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Lost in the transition

Deal to Toronto upsets Williams

TORONTO -- He hasn't been here even a month, but you can tell that Eric Williams, as is his history, already has had an impact on the Raptors.

"He knows the game," said Toronto guard Milt Palacio, a teammate of Williams with the Celtics. "He's a tough SOB."

Williams is with his third team in the last 1 1/2 seasons. He ended last season with the Cavaliers. He signed with the Nets as a free agent over the summer. He was traded to the Raptors Dec. 17 as part of the Vince Carter Clearance. Last night was his 10th game with Toronto and his ninth start.

"Everything's pretty cool," he said prior to the Raptors' 104-93 victory over the Celtics. "I'm just trying to make the best of it as I can. And let my personality shine." He had 4 points and four assists in a workmanlike 28 minutes last night.

To be blunt, Williams was not pleased about the deal, which sent him, Aaron Williams, and Alonzo Mourning to Toronto for Carter. As Eric Williams put it, "I was upset. Surprised. Angry. Disappointed. Everything. But I understand this business. I knew it wasn't because I wasn't playing well. At the time, I was the only one [in the trade] who was even playing."

Mourning is on the Raptors' injured list. You will see him in a Toronto uniform immediately after Rush Limbaugh is invited to be the ACLU's executive director. Aaron Williams has played sparingly (15 minutes over four games) and had missed the last four games with a sprained left ankle. He was available last night but did not play.

Probably the biggest downer for Eric Williams is that he is separated from his son, Eric, who is 10. The younger Eric Williams now lives with his grandmother, Pat Williams, in the Newark area.

"That was what was so great about the whole New Jersey move," Eric Williams said. "But now, well, who better than to take care of him than my mom?"

Minutes made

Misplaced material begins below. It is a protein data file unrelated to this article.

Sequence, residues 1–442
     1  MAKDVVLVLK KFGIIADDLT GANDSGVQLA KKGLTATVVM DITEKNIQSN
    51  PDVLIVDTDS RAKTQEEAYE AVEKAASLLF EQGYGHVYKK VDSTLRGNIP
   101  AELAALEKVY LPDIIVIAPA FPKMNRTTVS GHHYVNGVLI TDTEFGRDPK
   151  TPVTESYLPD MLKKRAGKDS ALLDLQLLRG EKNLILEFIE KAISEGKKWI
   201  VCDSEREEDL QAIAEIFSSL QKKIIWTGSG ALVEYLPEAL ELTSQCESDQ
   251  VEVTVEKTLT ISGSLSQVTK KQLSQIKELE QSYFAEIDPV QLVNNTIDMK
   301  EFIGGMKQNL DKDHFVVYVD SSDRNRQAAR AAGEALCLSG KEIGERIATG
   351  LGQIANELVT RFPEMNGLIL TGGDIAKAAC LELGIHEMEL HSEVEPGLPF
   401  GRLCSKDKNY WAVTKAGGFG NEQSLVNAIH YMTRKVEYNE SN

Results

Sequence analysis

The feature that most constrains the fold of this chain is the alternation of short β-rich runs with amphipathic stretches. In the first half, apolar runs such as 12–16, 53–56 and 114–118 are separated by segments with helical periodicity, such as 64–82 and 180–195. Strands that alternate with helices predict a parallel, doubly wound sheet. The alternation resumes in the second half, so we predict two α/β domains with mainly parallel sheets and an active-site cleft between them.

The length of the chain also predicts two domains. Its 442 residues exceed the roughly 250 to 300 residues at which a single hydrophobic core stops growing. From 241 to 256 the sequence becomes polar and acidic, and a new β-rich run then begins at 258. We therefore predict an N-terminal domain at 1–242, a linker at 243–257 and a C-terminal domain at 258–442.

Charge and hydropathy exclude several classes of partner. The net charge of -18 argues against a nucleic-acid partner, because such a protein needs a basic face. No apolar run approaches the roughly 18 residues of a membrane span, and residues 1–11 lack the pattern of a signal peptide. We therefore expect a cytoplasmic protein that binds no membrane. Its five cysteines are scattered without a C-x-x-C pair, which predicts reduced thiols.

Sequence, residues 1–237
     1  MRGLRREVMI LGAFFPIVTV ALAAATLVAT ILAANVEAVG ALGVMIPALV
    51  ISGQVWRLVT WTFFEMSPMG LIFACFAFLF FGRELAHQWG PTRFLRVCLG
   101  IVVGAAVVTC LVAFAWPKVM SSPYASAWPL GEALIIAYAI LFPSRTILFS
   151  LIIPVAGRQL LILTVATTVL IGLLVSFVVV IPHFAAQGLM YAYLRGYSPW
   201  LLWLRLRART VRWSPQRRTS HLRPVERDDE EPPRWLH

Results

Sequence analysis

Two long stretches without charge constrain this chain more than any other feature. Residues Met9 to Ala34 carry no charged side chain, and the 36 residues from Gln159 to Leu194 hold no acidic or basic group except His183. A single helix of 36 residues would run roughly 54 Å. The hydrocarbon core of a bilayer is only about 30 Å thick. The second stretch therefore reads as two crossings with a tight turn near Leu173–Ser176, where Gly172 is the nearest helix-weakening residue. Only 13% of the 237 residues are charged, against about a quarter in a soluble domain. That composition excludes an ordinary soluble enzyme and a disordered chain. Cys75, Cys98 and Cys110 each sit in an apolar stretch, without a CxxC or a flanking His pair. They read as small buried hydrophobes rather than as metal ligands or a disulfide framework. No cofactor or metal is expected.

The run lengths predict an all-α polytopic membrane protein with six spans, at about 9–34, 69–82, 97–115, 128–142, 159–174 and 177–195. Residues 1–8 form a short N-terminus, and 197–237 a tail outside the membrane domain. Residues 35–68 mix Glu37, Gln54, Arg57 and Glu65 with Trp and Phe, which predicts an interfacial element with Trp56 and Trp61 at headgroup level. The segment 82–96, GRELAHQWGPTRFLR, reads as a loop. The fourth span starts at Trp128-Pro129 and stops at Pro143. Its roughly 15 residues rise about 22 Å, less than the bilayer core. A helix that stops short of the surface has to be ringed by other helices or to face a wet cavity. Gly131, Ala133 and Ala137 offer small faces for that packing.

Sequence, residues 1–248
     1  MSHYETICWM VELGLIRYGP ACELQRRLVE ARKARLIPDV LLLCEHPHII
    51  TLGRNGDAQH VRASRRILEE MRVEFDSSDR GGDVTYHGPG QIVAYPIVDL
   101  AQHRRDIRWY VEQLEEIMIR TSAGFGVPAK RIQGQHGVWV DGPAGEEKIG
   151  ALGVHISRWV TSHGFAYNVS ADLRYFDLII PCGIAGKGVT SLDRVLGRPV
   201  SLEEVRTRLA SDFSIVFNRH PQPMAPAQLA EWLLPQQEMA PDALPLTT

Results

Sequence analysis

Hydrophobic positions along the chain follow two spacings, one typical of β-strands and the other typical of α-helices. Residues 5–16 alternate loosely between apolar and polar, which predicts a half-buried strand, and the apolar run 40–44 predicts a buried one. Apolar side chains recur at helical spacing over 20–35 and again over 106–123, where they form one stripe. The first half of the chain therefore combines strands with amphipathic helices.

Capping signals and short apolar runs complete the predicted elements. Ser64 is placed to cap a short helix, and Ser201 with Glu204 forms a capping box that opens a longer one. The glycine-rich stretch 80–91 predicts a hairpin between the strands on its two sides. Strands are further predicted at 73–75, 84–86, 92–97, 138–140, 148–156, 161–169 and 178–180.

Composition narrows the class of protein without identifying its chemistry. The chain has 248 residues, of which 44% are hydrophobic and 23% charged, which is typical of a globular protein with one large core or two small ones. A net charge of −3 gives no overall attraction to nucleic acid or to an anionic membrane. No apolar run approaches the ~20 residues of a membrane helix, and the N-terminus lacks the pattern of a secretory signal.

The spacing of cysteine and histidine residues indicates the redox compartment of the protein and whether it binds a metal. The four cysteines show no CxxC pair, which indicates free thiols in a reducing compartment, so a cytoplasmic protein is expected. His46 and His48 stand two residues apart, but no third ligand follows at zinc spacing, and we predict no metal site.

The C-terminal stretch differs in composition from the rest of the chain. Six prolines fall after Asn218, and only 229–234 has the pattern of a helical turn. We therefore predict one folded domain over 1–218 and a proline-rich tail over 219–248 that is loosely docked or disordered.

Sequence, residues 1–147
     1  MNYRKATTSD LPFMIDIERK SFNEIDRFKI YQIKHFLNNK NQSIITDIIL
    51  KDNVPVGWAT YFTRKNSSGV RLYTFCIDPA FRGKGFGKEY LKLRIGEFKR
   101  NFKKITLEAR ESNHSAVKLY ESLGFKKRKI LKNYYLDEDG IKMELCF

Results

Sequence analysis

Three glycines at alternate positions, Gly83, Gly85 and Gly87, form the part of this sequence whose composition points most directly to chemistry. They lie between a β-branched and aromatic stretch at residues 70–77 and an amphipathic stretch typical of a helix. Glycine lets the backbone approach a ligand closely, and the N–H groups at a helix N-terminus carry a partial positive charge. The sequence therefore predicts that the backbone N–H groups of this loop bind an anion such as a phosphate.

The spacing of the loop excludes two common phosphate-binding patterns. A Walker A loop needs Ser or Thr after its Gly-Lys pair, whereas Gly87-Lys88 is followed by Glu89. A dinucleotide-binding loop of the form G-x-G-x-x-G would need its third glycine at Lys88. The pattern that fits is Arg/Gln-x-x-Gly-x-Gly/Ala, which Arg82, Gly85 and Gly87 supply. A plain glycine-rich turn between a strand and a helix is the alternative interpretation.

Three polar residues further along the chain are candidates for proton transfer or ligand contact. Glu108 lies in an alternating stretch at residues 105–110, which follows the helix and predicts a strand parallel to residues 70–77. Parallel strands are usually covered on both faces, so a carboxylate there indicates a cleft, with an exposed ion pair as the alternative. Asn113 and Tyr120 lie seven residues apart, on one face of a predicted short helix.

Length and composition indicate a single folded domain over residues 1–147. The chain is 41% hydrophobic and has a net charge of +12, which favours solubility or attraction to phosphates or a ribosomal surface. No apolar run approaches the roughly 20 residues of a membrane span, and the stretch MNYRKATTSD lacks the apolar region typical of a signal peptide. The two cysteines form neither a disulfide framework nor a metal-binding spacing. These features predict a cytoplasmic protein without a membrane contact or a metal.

After getting a DNP against Orlando Monday, and not playing in the first half last night, Walter McCarty finally got the call with 10:57 left in the third quarter. He stayed on the floor until 2:26 remained in the game. "I was desperate," said coach Doc Rivers. "I apologized to him afterward for giving him so many [consecutive] minutes. I thought he was going to die out there. But we needed something. I was searching." The 20 minutes surpassed by one the amount of time McCarty had played in the previous three games . . . While the Raptors were raining down threes, the Celtics had no luck from downtown, connecting on just 3 of 16 3-pointers . . . Tough night for Al Jefferson (0 for 6 in 11 minutes) and Tony Allen (2 points, three fouls in eight minutes.) "Our young guys were all flat," Rivers said. "I ask a lot of them; they're our energy group. But they had nothing. They couldn't think. They couldn't focus. They couldn't run." That about sums it up . . . Paul Pierce after the game said the Atlantic Division was "the worst in NBA history." He may be right. The Celtics were actually in the position last night where a win, and a win tomorrow night at home over Atlanta, would have put them in first place with a sub.-500 record. Someone has to win the division and here's Rivers's take on it: "I think it's going to be the team that gets hot. You go out and win eight or nine in a row, you might clinch." Rivers said he wouldn't even rule out New Jersey, which has lost Richard Jefferson for the season with a wrist injury. "They still have Jason Kidd and Vince Carter." The Raptors are eight games under .500 and are only 3 1/2 games behind first-place New York (17-18). If Toronto can find a way to win on the road, where it is 2-17, the Raptors might even put themselves in contention . . . Morris Peterson's seven 3-pointers were two shy of the Toronto team record held by old friend Dee Brown, who made nine against the Bucks April 28, 1999 . . . All In The Extended Family Dept.: Lamond Murray is on track to set a Toronto record for 3-point shooting percentage in a season. Murray made two 3-pointers last night and is shooting 46 percent from international waters. The Raptors' franchise record is 42.2 percent, held by Tracy Murray, who happens to be Lamond Murray's cousin . . . Ricky Davis is one steal shy of 400 for his career . . . Gary Payton and Raef LaFrentz each picked up a technical. Both teams were nailed once for illegal defense.

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